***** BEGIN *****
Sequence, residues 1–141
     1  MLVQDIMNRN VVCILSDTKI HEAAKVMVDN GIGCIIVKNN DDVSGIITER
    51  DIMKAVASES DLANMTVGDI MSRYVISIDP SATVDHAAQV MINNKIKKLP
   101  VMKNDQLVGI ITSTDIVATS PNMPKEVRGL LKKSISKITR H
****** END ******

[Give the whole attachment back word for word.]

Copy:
Sequence, residues 1–141
     1  MLVQDIMNRN VVCILSDTKI HEAAKVMVDN GIGCIIVKNN DDVSGIITER
    51  DIMKAVASES DLANMTVGDI MSRYVISIDP SATVDHAAQV MINNKIKKLP
   101  VMKNDQLVGI ITSTDIVATS PNMPKEVRGL LKKSISKITR H